In the fall of 1964, the total enrollment in philosophy consisted of 2,393 students of whom 94 were undergraduate and 90 were graduate majors. The curriculum grew in number of courses and in areas of specialization. The number of candidates for higher degrees increased steadily: 40 M.A. degrees were awarded between 1934 and 1965; 29 Ph.D. degrees between 1942 and 1965. Expanding operations brought a corresponding increase in staff: in 1924-25, there were three regular instructors; in 1964-65, the active teaching staff consisted of 16 members, and the department had an administrative staff of four full-time and three part-time employees. source

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Physical Education
The Department of Physical Education had its inception in the Los Angeles State Normal School in 1915. Four years later, it became a part of the Southern Branch of the University as two separate departments for men and for women in the Teachers College.

By 1924, the responsibilities of the two departments included the preparation of teachers of physical education, teaching and supervising in the required program for the general college students, intramural sports, general recreation for students, faculty, and employees, adapted physical education for handicapped students, and intercollegiate athletics later organized under ASUCLA.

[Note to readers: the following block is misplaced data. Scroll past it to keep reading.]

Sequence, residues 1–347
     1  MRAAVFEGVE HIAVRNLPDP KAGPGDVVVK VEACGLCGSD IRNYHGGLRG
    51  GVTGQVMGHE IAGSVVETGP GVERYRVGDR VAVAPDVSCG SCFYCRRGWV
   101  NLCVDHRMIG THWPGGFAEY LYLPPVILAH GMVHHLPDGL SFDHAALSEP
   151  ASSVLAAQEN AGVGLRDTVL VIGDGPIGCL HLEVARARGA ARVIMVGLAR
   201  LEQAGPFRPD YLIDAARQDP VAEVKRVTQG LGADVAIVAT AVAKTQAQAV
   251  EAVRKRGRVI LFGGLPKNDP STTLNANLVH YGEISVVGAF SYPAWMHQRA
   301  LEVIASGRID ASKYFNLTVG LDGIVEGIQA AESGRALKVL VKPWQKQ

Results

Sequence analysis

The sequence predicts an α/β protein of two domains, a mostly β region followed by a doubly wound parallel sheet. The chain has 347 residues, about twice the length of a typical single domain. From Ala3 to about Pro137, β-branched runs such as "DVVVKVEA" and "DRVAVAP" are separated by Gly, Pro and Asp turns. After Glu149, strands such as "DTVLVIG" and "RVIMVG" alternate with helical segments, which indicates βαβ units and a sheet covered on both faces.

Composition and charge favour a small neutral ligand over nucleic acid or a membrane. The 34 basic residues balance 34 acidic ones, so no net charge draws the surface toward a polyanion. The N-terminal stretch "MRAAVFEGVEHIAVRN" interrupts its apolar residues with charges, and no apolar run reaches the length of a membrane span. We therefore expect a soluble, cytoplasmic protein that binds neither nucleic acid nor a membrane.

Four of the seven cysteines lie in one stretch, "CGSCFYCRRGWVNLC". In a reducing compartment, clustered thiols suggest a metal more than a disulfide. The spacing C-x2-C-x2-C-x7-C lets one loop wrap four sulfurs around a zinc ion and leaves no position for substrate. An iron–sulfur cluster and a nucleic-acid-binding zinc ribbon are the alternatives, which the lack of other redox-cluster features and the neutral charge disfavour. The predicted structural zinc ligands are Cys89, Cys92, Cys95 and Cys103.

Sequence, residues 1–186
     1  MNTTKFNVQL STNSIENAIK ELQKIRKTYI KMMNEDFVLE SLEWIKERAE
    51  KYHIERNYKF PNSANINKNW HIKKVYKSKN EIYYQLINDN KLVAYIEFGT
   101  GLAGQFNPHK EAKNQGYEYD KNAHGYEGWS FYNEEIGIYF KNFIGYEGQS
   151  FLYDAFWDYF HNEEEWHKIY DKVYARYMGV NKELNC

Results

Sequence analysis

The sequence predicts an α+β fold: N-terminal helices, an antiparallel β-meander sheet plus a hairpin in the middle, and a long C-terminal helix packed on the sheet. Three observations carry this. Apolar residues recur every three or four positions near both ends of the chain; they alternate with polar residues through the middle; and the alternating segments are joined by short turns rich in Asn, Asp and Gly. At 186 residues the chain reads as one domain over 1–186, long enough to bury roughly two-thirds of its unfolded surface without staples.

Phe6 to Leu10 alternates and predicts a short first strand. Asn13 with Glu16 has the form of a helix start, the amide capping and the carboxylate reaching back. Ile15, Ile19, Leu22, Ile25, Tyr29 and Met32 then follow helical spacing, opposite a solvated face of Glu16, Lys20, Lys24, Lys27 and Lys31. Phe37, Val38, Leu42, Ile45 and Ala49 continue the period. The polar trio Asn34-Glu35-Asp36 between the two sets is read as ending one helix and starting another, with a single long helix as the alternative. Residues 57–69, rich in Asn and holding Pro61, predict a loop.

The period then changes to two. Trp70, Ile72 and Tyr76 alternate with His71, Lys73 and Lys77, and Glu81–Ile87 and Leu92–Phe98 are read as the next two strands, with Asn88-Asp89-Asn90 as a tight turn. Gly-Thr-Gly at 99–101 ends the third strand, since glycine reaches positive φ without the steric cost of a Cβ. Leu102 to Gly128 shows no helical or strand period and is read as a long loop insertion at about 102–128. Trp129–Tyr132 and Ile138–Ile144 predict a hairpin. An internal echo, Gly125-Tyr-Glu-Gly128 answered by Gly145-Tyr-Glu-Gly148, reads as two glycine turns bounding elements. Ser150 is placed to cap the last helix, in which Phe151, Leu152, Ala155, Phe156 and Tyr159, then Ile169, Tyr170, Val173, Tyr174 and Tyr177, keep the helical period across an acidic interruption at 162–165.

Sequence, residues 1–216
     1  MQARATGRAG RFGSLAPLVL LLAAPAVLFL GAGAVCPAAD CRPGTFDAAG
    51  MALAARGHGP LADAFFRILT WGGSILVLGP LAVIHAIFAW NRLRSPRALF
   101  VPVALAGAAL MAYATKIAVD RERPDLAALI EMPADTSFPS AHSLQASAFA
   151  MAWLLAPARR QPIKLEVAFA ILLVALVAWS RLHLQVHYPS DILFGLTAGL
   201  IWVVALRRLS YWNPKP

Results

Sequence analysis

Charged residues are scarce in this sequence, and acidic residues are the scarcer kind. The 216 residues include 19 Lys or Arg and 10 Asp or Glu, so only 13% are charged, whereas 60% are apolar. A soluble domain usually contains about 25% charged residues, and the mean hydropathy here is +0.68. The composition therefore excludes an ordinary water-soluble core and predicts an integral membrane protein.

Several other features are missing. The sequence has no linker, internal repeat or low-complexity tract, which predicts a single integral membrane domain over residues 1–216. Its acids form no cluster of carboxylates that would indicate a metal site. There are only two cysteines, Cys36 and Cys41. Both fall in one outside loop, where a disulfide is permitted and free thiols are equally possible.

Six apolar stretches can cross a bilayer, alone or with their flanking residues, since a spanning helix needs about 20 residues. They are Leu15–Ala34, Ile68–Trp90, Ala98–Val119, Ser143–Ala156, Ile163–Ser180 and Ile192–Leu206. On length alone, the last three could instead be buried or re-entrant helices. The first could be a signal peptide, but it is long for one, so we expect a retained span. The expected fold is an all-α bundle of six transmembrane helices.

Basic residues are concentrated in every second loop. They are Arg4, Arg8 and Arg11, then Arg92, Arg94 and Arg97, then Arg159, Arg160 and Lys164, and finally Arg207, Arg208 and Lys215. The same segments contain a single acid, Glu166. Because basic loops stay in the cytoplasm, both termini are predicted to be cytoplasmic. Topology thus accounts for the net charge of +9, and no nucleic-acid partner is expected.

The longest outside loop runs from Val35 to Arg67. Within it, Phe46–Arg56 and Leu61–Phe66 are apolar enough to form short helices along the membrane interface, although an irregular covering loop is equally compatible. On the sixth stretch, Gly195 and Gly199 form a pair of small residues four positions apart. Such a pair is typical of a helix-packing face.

With the construction of the two gymnasium and swimming pools in 1931, the total program of the department rapidly became established and was recognized as a vital and natural part of the University. Only six years later, graduate study for the M.S. degree was authorized. Also, the merger of the two departments, except for budgetary purposes, and the establishment of divisions for men and for women within a single department were approved.

In 1939, the department became a part of the new College of Applied Arts, inaugurating another period of rapid development. In cooperation with the School of Education, the Ed.D. degree with a specialization in physical education was added in 1947 and with a specialization in health education four years later.

In 1952, the divisions for men and women were eliminated, a unified budget was initiated, coordinators of men and women staff and facilities were appointed, and a philosophical commitment for a unified department was implemented through a unit plan of organization. By this time, undergraduate degree or concentration programs had expanded considerably with authorizations for dance, physical therapy, recreation, school health education, and rehabilitation. Graduate study was authorized in recreation, school health education, and rehabilitation.